None of them even noticed that their sneak day, when they might have thought of partying with more hazardous things than soda, had fallen under adult supervision. They were too busy playing with the Frisbees and soap bubbles.

Wednesday, April 27, 2016

A to Z Highlights #4

Last of my A to Z highlights posts, unless I find some more blogs I just have to share in the last 4 days of the month.

For everyone who has ever loved Dilbert or hated work, Words from Sonobe features daily horror stories (or maybe they aren't all horror, just the ones I read?) from work, with a touch of humor.

I've been following My Life in Retirement for quite a while. This A to Z its about books and travel.
And another in a similar category, A Septuagenarian's Ramblings.

Some interesting snippets on writing from Thinky Thoughts...Mostly About Writing.

I'll throw in here the second live-on-board blog that Jemima mentioned last week in my comments: S. V. Cambria. They sail where my brother likes to cruise; wonder if they've ever run into each other! The "V" post is lengthy, but some excellent advice about improving your photos.

Paws 4 Puzzles offers a fun puzzle every day. Looks like the difficulty varies, but they aren't super simple. I'll be hunting through those for entertainment when I'm bored.

Okay, that's enough for today. I'll be going back both to my list to see who I want to follow more actively (I like to see what they do AFTER A to Z) and to the A to Z list to check out more blogs.

I can't say I've managed the level of visiting I'd hoped to do, but I *have* managed to keep up work on my novel during the month, which has not been the case the years I have participated in A to Z. So I'll count my experiment as at least a partial success.

Will I do A to Z next year? Hard to say. I may just go on being a visitor.


Speaking of there being only a few days left in the month, that means just a few days to get Death By Ice Cream for only 99 cents!

Sunday, April 24, 2016

Middle Grade Monday and Kid Lit Blog Hop

It's been a while since I managed to hook up with the Kid Lit Blog Hop, but here I go. Click on the image above to see the links to other blogs covering books for children!

And now for my review:

Title: Replay
Author: Sharon Creech
Publisher: Harper Collins, 2009. 136 pages (per my Nook)
Source: Library (digital services)

Publisher's Summary: 
With the backdrop of a large family and a theater as its frame, this is a story about twelve-year-old Leo, who has a talent for transforming the ordinary into the extraordinary. That's why he's called "fog boy." He's always dreaming, always replaying things in his brain. As an actor in the school play, he is poised and ready for the curtain to open. But in the play that is his life, he is eager to discover what part will be his.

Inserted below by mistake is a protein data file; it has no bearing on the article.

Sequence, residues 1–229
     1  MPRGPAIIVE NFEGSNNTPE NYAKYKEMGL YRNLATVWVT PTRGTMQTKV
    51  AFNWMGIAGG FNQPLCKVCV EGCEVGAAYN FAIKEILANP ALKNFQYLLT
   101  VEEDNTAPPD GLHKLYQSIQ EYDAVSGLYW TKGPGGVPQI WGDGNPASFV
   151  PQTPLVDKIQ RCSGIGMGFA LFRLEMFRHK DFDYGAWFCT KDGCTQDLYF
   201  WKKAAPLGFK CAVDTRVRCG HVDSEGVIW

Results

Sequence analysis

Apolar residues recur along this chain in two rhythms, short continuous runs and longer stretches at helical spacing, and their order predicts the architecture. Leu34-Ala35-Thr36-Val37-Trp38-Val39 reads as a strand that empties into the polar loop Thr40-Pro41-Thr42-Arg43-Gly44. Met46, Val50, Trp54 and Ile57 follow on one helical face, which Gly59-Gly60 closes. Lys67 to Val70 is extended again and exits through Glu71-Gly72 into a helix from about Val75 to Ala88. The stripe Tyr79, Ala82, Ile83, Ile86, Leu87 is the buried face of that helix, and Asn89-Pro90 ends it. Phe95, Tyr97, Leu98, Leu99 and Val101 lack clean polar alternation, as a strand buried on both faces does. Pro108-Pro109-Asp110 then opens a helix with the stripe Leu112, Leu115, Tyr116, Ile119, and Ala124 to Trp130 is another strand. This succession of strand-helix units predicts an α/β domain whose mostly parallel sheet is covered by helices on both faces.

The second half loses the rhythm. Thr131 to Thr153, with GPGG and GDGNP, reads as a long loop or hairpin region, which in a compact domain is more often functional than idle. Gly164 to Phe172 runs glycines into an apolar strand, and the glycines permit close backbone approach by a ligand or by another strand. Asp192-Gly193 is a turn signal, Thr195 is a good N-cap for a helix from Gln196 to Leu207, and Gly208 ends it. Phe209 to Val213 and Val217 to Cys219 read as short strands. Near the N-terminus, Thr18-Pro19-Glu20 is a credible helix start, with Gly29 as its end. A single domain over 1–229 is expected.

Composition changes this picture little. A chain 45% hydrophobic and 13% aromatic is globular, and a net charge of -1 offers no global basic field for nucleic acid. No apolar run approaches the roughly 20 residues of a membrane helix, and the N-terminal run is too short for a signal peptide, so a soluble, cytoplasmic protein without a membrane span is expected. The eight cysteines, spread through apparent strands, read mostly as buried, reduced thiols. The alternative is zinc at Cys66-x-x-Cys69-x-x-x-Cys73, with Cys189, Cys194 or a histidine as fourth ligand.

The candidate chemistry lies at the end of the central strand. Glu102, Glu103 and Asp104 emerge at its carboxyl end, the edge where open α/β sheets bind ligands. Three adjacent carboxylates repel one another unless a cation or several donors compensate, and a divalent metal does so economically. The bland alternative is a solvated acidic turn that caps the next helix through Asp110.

With the universal theme of finding one's true identity, and set amid a loud, noisy, memorable family, Leo's story is one that all kids will relate to. And there's a full play at the end of the book that kids and teachers can perform!

My Review:
I expect Sharon Creech to provide me with a good read that's also thoughtful and thought-provoking, and Replay did not disappoint. Creech beautifully captures Leo's sense of being the odd one out in his family, the kid who's no good at sports and spends too much time daydreaming. Leo is 12, on that awkward brink between little kid and teen, and he's struggling with a sense of identity. It doesn't help that he's the second of four kids, and his siblings all call him by not-so-flattering nicknames like "Fog Boy," which may be accurate (he does tend to get lost in the fog of his imaginings) but isn't helpful or kind.

I liked, though, that in the end we see that Leo's family isn't icky and disfunctional. They are perfectly normal, dealing with a lot of normal stresses, some worse than those faced by others, some less so. It's just that Leo is at that point in his life when it all feels uncomfortable, like he doesn't know how to fit anymore. He likes to imagine himself doing great and grand things, because he doesn't feel like he is seen by his family, but in fact when he does his part in the school play and does it well, they are there and see it and give him the applause he needs.

This is a very short and easy-to-read story, especially if one discounts the play that follows (it is the play that Leo's class puts on, and it's subject is definitely relevant to the book, so worth reading), but as usual, Creech manages to capture a whole story and present it well. There were also some very funny lines, though I always wonder when I laugh aloud at a children's book if the kids will laugh in the same place.

This might be particularly relevant for middle-school boys (and girls), but it will be accessible and of interest to kids from about 8 up, with nothing a younger child shouldn't read. There is no romance for Leo, just a healthy friendship that we see move to a more mature level, and in the end we see Leo getting the space and the support he needs to grow up.

Full Disclosure: I checked Replay out of my library, and received nothing from the writer or publisher in exchange for my honest review.  The opinions expressed are my own and those of no one else.  I am disclosing this in accordance with the Federal Trade Commission's 16 CFR, Part 255: "Guides Concerning the Use of Endorsements and Testimonials in Advertising."  

Final week of the 99-cent sale!